The BBC and regional publishers have hailed the success of their local democracy reporter scheme a year on from its launch.
Under the £8m a year scheme, the BBC pays for reporters employed by local publishers to cover the work of local councils and other public bodies.
There are currently 135 of the reporters in post, covering England, Scotland and Wales, with the service due to launch in Northern Ireland soon.
The partnership was marked at a reception in Parliament last night attended by the Secretary of State for digital, culture, media and sport Jeremy Wright.
In its first year, the initiative produced 54,000 public interest stories which were used on the BBC and across a range of local media news outlets, including:
- A £24m health centre in Trafford, Manchester that will never be used and will cost £7m to turn into offices.
- A council in Leicestershire that had to hand back £900,000 paid to them by housing developers as the money had gone unspent for too long.
- A series of “near misses” from falling building materials at schools in Edinburgh – including three at a school where a pupil was killed by a collapsing wall.
JPIMedia editor-in-chief Jeremy Clifford, who chairs an advisory panel comprising representatives of the BBC and regional publishers, said: “In its first year, the Local News Partnership has produced a wealth of public interest journalism which has held councils to account, reversed controversial policies, and ensured that key decisions are held up to scrutiny.
“This has benefited the local media sector, the BBC and, most importantly, the public, who rely on trusted news and information to make sense of the world. We are proud of this partnership which is proof of the clear benefits that collaboration can bring to public interest journalism.”
Asked by Jeremy for his thoughts on the scheme, Mr Wright responded: “I think what we’ve heard this evening is how well it’s working, where it’s working.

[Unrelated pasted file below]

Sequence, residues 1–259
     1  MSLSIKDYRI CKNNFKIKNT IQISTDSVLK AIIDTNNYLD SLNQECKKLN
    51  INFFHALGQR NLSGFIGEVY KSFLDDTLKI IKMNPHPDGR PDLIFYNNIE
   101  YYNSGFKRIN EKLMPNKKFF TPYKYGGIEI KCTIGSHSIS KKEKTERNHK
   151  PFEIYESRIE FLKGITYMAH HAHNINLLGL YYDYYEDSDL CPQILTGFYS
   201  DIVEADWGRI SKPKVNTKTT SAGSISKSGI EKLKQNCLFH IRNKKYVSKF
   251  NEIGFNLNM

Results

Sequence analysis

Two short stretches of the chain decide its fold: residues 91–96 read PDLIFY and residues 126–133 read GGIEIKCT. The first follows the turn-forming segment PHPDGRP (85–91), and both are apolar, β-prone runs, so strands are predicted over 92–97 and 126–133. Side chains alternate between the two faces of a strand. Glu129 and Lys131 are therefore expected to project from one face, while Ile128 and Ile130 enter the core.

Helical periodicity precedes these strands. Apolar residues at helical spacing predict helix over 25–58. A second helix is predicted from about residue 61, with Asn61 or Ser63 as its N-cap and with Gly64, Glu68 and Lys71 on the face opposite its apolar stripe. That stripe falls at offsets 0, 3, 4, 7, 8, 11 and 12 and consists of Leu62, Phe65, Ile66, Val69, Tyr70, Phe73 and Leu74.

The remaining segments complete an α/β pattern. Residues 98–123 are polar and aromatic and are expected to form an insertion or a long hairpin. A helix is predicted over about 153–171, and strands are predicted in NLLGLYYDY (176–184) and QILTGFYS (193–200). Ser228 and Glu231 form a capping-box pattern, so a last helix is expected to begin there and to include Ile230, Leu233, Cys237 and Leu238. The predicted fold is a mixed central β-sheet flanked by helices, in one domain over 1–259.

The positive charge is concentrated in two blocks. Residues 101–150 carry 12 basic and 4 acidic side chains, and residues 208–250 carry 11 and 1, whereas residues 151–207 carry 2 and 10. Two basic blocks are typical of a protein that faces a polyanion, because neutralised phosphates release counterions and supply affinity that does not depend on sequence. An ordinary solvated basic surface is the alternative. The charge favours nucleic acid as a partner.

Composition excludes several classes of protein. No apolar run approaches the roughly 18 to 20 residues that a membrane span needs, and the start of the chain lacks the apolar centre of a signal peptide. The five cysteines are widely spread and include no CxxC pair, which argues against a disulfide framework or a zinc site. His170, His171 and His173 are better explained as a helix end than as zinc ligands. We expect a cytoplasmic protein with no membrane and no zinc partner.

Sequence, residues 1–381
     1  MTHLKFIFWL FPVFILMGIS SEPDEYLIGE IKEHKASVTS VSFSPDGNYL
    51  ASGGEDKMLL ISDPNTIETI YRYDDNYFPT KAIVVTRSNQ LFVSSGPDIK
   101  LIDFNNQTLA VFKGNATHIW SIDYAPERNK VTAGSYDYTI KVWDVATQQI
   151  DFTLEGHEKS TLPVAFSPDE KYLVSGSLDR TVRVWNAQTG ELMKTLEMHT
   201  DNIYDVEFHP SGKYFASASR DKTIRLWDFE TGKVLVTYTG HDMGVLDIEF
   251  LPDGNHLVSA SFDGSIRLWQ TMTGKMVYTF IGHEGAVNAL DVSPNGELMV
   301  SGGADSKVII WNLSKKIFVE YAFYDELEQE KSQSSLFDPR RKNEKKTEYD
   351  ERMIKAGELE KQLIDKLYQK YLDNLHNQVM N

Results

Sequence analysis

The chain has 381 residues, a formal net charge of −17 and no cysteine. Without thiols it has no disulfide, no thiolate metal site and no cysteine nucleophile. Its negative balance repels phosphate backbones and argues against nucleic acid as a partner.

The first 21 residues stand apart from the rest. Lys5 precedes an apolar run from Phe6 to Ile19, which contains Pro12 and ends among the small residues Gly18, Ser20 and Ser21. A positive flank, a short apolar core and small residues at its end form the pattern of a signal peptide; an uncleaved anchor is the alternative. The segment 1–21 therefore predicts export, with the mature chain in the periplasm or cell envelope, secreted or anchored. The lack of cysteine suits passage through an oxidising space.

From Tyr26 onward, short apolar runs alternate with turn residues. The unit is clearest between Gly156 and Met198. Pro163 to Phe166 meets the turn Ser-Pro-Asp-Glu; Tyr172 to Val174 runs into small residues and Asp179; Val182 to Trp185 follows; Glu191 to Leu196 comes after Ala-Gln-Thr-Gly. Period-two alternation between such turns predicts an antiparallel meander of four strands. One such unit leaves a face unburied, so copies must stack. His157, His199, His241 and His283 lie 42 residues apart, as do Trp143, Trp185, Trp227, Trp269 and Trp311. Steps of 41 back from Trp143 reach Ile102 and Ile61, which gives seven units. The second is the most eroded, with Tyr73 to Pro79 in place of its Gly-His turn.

“There’s a genuine question to be asked about whether, if money were no object – and I’m not promising by the way that it isn’t – whether you would have a Local Democracy Reporter in every place around the country, or whether there’s a limit to the number of places that can genuinely benefit from what you do.
“What it’s demonstrated is that by collaboration you can actually put in place journalists who add substantially to the product of local journalism. It is not a question of saying, ‘we’re just diverting resource from something that the local paper is already doing to something different’, it’s adding to the pot.
“I’m grateful to those who put this partnership together. I wish it every success in the future. I hope we will be able to see an increase in its capacity to do what it is already doing.”
Ken MacQuarrie, Director of BBC Nations & Regions, added: “We’ve proved that journalism partnerships can work. As a public service news provider, we believe in local news and we’re proud to support it. In a world of fake news, it’s vital people can get trusted local news which holds local decision-makers to account.
“We’ve overcome significant challenges in an industry that is traditionally highly competitive to enter partnerships that have proved in the last year to be a huge success, mutually beneficial and an obvious public good.”
“Around the world, the challenge of funding independent, impartial public service journalism is a serious issue.
“Partnerships are clearly part of the solution and we’re proud the BBC is leading the way by supporting local news and ensuring there is proper reporting of local issues.”